A while back we reported on both Moog and Korg releasing some of their products for free to help synth fans stay entertained while self-isolating. The rapid spread of the coronavirus around the world has wreaked havoc on events and functions with everything being canceled or postponed. Self-isolation has also become the new norm as everyone tries to do their part in curbing the spread of the virus. For some, this means being able to work from home while others have no found themselves with a lot of unexpected free time on their hands.
The great thing about synthesizers is that many of them offer you the opportunity to create your own unique patches. Most synthesizers also feature a selection of preset patterns to get you going if you just want to get on with creating music. Best of all, thanks to the internet it is possible to not only share your patches with other people but also download some brand new ones.
With so many events and expos being canceled and a lot of people forced to self-quarantine due to the coronavirus, it would be an understatement to say that morale is a bit low at the moment. However, two brands have stepped up to the plate to try and spread some positivity during these trying times. First up is Moog who has stated that their popular Minimoog Model D app on iOS will now be free to download.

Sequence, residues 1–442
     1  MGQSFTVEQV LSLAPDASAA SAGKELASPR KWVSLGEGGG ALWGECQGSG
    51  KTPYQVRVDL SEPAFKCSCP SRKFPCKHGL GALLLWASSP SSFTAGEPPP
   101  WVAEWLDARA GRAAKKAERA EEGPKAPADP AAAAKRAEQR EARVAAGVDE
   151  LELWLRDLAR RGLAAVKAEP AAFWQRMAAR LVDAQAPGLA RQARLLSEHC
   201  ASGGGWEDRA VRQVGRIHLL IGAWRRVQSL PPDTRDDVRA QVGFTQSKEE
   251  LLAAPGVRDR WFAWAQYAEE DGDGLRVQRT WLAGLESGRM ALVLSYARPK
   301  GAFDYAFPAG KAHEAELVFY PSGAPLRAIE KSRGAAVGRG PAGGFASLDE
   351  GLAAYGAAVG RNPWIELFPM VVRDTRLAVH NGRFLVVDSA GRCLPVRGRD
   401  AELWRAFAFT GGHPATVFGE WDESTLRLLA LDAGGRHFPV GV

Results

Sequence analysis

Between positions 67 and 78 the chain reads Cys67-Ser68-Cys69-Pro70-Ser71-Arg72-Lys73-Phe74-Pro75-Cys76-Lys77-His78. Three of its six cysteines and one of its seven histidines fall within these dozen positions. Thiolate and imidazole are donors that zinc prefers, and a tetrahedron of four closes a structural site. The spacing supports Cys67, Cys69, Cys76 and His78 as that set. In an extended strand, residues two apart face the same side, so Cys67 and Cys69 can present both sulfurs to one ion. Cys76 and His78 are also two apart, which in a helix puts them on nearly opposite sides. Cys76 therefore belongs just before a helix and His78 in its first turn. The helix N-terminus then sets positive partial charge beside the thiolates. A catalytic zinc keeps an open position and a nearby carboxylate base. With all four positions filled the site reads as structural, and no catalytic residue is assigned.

Earlier in March the organizers of Superbooth 2020 in Berlin released a statement that the show would continue and not be canceled in the wake of cancellations from other trade shows. However, recent weeks have seen more and more stringent safety precautions being put into place to prevent the spread of the COVID-19 virus. Many governments have prohibited events with more than a certain number of participants or closed down public spaces, which obviously means that trade shows were postponed or outright canceled.
While headphones are not the most glamorous purchase you can make for your home studio it is hard to understate their importance when it comes to accurate sound reproduction. Some people are perfectly happy with an ordinary set of headphones and that's fine, but studio headphones have a different role to fulfill, especially if you plan on releasing your music. A good pair of studio headphones can provide you with a much more accurate idea of what is happening at the extreme high or low frequencies of your mix.
Bertolt Meyer, a musician who was born without a lower left arm posted a video on YouTube about his prosthetic arm and how he can control it via electrodes. While this is great Bertolt does mention that it has limitations, especially when it comes to manipulating synthesizers with lots of small knobs and buttons. The prosthesis simply does not have the speed and precision required for quick and accurate adjustments.